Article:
With Eye On Fundraising, Parties Prep For Midterms

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New financial reports for the Democratic and Republican national party committees are in, showing the party committees girding for a high-dollar battle in the midterm elections this fall.

The new reports cover the month of March, when the two parties were fighting over health care. Democrats managed to pass the bill — and to do better with donors than in the public opinion polls.

Paul Herrnson, a professor of government and politics at the University of Maryland, says this party money matters to candidates.

"The parties use this money to set the campaign agenda, to target individual races, which not only helps the races directly but indirectly in terms of their fundraising," Herrnson said. "And in the last election cycle, the Republicans came up short in terms of cash and had to move money out of one close race into another close race on a number of occasions, and that clearly hurt them."

The latest data show that though the Democratic National Committee is being outraised by the Republican National Committee $114 million to $121 million, it finished March with just as much cash on hand: about $11 million.

An analysis by NPR News shows that the RNC raised $22.8 million from small donors, compared with $19 million for the DNC. But the Republican organization has spent $11 million, twice as much as the DNC, on the mail and telemarketing needed to find and solicit those donors.

On the House side of Capitol Hill, the Democratic Congressional Campaign Committee has raised 38 percent more than the National Republican Congressional Committee. The DCCC has a cash reserve that's nearly three times what the Republicans have.

It's on the Senate side where the battle for dollars is the most hard-fought.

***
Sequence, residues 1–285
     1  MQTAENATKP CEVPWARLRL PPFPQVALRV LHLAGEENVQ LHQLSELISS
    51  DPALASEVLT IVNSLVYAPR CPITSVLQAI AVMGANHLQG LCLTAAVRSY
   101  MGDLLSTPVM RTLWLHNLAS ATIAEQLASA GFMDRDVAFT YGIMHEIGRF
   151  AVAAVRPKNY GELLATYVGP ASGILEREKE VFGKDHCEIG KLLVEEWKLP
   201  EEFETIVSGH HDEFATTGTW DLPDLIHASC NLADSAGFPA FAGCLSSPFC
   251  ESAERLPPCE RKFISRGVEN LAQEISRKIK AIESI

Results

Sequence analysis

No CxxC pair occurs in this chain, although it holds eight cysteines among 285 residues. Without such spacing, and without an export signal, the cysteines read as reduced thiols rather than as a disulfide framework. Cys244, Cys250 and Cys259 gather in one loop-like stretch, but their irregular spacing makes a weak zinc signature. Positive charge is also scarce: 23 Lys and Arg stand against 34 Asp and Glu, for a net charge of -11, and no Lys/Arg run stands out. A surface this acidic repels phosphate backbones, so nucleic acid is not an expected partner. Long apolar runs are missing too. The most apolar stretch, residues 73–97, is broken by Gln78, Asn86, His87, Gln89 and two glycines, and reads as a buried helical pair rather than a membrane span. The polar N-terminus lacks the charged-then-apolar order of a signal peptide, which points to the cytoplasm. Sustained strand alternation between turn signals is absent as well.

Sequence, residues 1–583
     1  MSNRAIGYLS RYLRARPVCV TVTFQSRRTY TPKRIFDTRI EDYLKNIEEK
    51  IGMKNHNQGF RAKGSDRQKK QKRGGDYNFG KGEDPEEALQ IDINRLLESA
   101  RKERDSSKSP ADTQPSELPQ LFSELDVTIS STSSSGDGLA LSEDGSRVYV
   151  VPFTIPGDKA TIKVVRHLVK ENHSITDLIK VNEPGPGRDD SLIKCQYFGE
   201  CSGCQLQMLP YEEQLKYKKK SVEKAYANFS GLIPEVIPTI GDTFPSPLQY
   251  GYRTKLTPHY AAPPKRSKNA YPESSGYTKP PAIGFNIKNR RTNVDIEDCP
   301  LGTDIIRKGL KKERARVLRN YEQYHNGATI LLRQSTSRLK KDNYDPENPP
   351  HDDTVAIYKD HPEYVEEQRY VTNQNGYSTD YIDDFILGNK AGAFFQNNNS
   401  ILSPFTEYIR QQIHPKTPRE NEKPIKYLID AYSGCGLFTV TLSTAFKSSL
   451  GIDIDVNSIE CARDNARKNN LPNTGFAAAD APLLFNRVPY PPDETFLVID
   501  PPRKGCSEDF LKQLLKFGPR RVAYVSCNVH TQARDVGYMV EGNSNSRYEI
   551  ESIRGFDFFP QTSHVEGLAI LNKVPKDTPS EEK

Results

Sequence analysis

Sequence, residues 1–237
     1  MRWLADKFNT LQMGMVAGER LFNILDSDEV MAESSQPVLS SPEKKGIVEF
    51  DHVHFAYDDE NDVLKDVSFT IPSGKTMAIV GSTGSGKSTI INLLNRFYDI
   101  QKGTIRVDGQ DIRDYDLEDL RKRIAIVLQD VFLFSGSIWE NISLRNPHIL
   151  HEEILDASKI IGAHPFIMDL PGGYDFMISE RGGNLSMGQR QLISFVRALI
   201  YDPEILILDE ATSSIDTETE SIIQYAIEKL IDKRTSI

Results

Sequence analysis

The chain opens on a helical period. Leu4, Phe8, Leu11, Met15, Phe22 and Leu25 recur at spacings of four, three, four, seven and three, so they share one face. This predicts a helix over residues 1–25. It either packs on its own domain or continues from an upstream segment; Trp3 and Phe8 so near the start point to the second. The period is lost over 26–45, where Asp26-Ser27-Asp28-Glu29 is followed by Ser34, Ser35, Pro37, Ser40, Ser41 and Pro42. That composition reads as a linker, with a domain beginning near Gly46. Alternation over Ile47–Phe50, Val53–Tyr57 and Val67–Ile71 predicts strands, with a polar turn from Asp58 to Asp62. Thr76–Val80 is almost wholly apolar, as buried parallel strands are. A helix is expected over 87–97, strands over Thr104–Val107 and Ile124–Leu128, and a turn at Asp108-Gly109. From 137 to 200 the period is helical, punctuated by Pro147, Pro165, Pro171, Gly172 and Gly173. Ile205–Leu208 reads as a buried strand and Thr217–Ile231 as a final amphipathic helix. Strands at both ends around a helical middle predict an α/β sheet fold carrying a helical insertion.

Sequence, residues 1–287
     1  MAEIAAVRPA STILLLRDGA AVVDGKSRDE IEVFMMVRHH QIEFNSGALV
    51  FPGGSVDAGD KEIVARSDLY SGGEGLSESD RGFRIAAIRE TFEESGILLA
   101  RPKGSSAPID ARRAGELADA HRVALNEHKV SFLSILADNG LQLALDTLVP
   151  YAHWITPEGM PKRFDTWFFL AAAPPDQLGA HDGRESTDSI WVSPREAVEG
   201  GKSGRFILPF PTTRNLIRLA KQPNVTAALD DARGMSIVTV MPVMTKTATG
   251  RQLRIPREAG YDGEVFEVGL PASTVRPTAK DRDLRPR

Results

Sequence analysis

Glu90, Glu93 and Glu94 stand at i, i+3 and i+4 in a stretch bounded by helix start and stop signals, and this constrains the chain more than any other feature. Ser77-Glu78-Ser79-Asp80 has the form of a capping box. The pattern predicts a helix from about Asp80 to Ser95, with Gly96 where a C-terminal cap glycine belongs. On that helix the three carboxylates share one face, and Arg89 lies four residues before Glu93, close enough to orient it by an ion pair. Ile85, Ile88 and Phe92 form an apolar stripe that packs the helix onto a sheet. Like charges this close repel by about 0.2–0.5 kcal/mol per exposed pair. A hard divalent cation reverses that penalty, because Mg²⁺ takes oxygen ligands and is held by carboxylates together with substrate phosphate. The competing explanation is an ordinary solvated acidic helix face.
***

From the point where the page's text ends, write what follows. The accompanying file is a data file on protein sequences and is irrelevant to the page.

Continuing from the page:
The campaign committees duke it out in Web video messages. Sen. Robert Menendez of New Jersey, chairman of the Democratic Senatorial Campaign Committee, tells potential donors that "everything is at stake."

"Everything we fought for is at risk," he says in the message. "We must work together to fight for Democratic values."

In its message, the National Republican Senatorial Committee takes more sardonic approach, with an actor and an actress saying in union, "Barack Obama keeps spending our money which raises the national debt ceiling to the point that Americans may soon bow down to their Chinese overlords!" Then they sigh in a cheery dismay.

The NRSC is upbeat about its chances of whacking away the Democrats' 18-seat Senate majority. Its fundraising reflects that: It's up 25 percent from last election cycle. Democrats see that, too.

"We all know there's a fierce wind blowing in our face, not at our backs, in this election," says Eric Schulz, a spokesman for the Democratic Senatorial Committee.

But Schulz says the committee got a fundraising boost after the health care bill passed, and he is willing to predict more good news for Democrats.

"I think you're seeing as we sort of get into the election season an acceleration, more engagement, more attention paid," he said.

Of course, it's not just Democrats who are paying attention. Fundraising is up across the board, not like the flood of money in the 2008 presidential campaign, but nothing like the old days either.



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